Tips on How to Direct Non-Actors

We all want to work on films and commercials where we have the budget and the creative that allows for casting calls, talent agents and professional actors to deliver inspired performances. But in reality many creative concepts these days call for "real talent," another way of saying using real people vs. professional actors.  After years of experience working with and without professional actors as talent, I have found that despite having non-pros as actors, you can still evoke great performances in advertisements or brand films.  In fact, when a good directing job is achieved, you may find the real-person performance is the most authentic, from-the-heart acting on camera.  And if anything, directing non-professionals is great practice in a more forgiving environment for your directing skills. Working with non-actors from all different backgrounds - professional athletes, doctors, CEOs, patients, customers and members - has definitely seasoned my directing.  In fact, this is the window through which Explore Media's full-service video production emphasis looks on television commercials, where we go through the process of casting talent and then directing actors on set .  And believe me, it's been a growth process and will continue to be one, I'm always picking up tips in advertising techniques, storytelling, or refining my directing skill set. Here are a few tips I've learned on "How To Direct Non-professional Acting Talent." Hopefully they can help you!

The First Cardinal Rule: Don't ask non-professional acting talent to memorize anything. Ever.

Tip 1

From the moment your (probably nervous) talent arrives on the commercial set make sure your subject is comfortable.  From the makeup person to the AD to the producer, make sure everyone who comes into contact with the talent knows they are not an actor, chit-chat with them, take pictures and show them how good they look.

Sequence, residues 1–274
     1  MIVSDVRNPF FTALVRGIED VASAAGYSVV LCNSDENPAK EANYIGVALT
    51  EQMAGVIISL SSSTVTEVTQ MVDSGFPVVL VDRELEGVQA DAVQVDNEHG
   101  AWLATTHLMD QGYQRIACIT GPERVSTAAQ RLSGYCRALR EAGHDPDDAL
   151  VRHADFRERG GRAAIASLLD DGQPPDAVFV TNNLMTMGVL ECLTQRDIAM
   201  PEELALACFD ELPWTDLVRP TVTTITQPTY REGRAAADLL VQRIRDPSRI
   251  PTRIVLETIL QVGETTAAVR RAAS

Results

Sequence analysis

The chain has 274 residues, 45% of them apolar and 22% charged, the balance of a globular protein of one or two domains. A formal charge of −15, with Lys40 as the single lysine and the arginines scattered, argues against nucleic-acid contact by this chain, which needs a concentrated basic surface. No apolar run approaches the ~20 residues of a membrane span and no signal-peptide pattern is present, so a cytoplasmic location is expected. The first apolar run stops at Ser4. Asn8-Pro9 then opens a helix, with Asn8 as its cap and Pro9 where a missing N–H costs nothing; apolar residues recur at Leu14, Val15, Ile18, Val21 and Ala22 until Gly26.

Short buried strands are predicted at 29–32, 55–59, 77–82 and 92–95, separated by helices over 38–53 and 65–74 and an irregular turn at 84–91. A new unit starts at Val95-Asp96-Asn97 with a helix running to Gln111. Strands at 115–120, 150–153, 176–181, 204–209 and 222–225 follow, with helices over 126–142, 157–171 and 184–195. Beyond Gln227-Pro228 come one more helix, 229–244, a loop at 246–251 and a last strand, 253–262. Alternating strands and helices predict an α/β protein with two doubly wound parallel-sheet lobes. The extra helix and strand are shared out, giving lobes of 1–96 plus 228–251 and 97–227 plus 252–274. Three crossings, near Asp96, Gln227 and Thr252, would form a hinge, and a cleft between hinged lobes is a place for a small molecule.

Tip 2

Keep the HD monitor away from the talent.  You don't want them feeling insecure about performance or being distracted.

Tip 3

Direct talent from a physical position of comradery.  I often will situate myself and put the monitor in a place only I can see it.  This way, I can be right beside the talent, showing them we're in this together while we make small talk.


Tip 4

Clear the set behind the HD camera of everyone except for the cinematographer or videographer and AC.  A non-actor can be easily distracted and become insecure if too many people they perceive as professionals, and also their colleagues, are within their peripheral zone.

Tip 5

Keep their focus off the black hole of the HD camera lens.  One trick we used in the spots below was to draw a smiley face on a piece of pink gaff tape and stick it on the lens. The talent could focus on the face and imagine a person vs. looking into the scary cinema lens.

"Thanks Nurses" Beacon Health System Tip 6